“Monsieur to a convict is a glass of water to a man dying of thirst at sea. Ignominy thirsts for respect.” (19)| Here, Victor Hugo further expands upon the concept of mistreatment of convicts by describing how the continuous abuse by society on all different levels leaves these people longing for respect. Even a minor detail, such as being called monsieur, can go a long way for a person starved of respect. | “To be wicked does not insure prosperity…” (46)| When the narrator says this, he means to explain that although one can cheat and lie, this will not lead to success. Hugo uses the Thenardiers’ inn as the archetype of an immoral business that eventually went to ruins due to mismanagement of the ill-gained money and helps the reader see how readily a business built on trickery can crumble.| “It would seem, indeed, that there is in certain men the veritable instinct of a beast, pure and complete like all instinct, which creates antipathies and sympathies…” (56)| In this extended interruption of the story, the intrusive narrator goes to the extent of dedicating a whole paragraph to describing the primal instinct present in beasts and humans alike that differentiates good from evil.
Furthermore, the narrator rambles on about the automatic sense of perception that some people have that allows them to recognize right and wrong from a distance to help the reader visualize how easily Javert saw through the guise of mayor that Jean Valjean had created for himself to hide the fact that he had been a prisoner.| “When the population is suffering, when there is a lack of work, when trade falls off, the tax-payer, constrained by poverty, resists taxation, exhausts and overruns the delays allowed by law, and the government is forced to incur large expenditures in the costs of levy and collections…” (61-62)| Victor Hugo once again interrupts the flow of the story to this time explain, in an awfully long tirade, how the prosperity, or lack thereof, of economy correlates directly with the decrease and increase of taxing, respectively.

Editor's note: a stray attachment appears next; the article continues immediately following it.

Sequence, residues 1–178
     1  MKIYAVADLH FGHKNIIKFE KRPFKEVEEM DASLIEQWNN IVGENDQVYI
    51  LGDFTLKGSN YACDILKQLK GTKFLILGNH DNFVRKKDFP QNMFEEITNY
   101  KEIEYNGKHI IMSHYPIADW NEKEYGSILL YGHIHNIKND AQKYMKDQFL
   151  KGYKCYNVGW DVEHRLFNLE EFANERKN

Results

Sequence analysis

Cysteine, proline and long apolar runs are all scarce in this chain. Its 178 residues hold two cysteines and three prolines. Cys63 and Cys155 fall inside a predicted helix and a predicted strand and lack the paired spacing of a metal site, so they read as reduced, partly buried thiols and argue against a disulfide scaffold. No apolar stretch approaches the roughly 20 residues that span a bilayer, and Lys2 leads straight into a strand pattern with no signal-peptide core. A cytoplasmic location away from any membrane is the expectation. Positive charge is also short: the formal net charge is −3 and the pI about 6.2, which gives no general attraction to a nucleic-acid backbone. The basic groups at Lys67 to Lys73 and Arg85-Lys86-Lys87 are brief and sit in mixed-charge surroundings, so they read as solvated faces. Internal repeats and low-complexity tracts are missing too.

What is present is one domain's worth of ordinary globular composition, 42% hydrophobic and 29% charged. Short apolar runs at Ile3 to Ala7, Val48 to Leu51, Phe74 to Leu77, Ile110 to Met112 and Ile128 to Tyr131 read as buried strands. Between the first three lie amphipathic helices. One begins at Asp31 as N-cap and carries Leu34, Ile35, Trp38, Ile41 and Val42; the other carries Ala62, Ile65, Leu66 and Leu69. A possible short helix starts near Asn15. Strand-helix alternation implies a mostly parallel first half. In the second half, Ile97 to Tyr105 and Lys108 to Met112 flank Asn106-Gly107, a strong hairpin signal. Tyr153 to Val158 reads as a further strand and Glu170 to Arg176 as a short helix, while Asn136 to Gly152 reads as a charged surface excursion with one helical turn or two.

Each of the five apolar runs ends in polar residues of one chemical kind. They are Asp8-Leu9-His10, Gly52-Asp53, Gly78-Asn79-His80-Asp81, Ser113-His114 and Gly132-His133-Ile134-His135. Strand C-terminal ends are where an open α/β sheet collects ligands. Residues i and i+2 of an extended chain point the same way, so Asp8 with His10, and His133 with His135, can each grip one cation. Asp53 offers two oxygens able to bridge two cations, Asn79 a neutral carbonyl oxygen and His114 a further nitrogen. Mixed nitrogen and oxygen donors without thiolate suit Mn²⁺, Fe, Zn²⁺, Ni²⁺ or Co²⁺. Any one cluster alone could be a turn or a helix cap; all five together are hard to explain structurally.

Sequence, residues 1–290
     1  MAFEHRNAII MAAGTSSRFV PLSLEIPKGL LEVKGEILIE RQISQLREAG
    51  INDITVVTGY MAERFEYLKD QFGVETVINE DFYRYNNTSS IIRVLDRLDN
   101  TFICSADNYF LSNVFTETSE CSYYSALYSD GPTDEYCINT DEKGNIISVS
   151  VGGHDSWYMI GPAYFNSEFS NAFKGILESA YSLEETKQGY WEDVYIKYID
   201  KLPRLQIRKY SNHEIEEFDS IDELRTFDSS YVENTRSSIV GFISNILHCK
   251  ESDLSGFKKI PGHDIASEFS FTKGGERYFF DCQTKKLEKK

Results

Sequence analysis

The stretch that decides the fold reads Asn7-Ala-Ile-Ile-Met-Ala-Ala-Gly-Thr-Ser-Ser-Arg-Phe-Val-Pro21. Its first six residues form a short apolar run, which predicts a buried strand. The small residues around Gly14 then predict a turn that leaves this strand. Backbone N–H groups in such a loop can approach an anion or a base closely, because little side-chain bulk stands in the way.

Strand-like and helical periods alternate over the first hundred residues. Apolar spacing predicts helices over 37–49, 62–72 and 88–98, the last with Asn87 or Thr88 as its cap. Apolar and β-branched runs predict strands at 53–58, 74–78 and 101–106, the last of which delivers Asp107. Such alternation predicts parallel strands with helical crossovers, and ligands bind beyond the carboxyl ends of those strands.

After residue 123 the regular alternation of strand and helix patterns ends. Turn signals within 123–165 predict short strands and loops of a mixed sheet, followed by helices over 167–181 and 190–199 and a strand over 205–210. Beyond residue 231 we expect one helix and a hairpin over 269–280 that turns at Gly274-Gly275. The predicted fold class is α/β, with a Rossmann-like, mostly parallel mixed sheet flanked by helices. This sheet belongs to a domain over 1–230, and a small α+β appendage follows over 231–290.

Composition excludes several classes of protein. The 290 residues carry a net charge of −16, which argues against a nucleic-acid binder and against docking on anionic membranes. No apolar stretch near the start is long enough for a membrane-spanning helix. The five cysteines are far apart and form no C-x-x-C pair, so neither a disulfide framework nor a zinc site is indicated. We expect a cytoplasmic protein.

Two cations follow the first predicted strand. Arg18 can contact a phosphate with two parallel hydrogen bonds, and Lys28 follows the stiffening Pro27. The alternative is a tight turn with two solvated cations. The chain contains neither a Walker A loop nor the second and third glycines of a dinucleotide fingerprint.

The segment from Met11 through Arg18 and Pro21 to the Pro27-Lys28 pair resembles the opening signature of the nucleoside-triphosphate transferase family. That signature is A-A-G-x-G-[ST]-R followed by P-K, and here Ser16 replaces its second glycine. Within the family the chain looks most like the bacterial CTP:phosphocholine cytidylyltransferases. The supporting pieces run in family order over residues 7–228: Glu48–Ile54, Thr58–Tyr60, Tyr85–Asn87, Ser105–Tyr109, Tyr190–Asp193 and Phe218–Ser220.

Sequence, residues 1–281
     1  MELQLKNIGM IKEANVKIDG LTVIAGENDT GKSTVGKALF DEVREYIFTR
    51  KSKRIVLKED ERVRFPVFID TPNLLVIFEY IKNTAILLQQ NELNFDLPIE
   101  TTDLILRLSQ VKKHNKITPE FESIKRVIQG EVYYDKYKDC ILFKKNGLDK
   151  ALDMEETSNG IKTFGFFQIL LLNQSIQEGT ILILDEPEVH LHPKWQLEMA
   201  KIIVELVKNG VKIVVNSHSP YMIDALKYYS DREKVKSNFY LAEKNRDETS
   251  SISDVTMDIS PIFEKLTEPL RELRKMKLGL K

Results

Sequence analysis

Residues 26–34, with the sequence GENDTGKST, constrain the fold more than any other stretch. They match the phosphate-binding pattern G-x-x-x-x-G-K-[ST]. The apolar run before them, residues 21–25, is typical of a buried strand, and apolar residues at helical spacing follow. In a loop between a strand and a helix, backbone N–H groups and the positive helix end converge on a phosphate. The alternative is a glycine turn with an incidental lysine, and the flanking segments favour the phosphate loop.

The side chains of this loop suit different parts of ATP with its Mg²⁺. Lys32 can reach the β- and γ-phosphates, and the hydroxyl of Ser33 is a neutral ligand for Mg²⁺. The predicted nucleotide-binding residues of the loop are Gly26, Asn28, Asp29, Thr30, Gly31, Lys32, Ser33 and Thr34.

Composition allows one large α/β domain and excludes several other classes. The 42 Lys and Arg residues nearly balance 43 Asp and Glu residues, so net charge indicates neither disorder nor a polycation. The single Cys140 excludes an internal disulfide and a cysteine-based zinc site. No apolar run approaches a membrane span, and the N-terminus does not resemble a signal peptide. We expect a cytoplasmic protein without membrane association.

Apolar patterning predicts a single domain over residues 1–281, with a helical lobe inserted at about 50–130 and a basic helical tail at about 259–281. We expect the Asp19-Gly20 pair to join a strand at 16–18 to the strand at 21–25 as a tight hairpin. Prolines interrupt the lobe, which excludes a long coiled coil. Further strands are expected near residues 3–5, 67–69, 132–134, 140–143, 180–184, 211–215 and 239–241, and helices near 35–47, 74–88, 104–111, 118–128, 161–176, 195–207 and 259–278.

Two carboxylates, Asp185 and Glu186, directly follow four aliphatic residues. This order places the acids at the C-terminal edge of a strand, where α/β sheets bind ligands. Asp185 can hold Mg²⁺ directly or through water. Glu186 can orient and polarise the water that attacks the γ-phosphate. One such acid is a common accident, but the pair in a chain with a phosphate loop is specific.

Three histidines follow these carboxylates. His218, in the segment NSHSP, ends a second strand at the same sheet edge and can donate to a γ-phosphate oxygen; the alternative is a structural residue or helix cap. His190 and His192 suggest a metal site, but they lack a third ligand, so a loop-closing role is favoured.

The narrator probably does this so that the reader can better understand how changed the situation was in M—— sur M—— for Fantine since she left for Paris. When she left, the city was in really poor condition with the high taxes and terrible economy; however, upon her return, she observes that the economy has improved vastly now, consequently leading to lower taxes, hence a more comfortable life.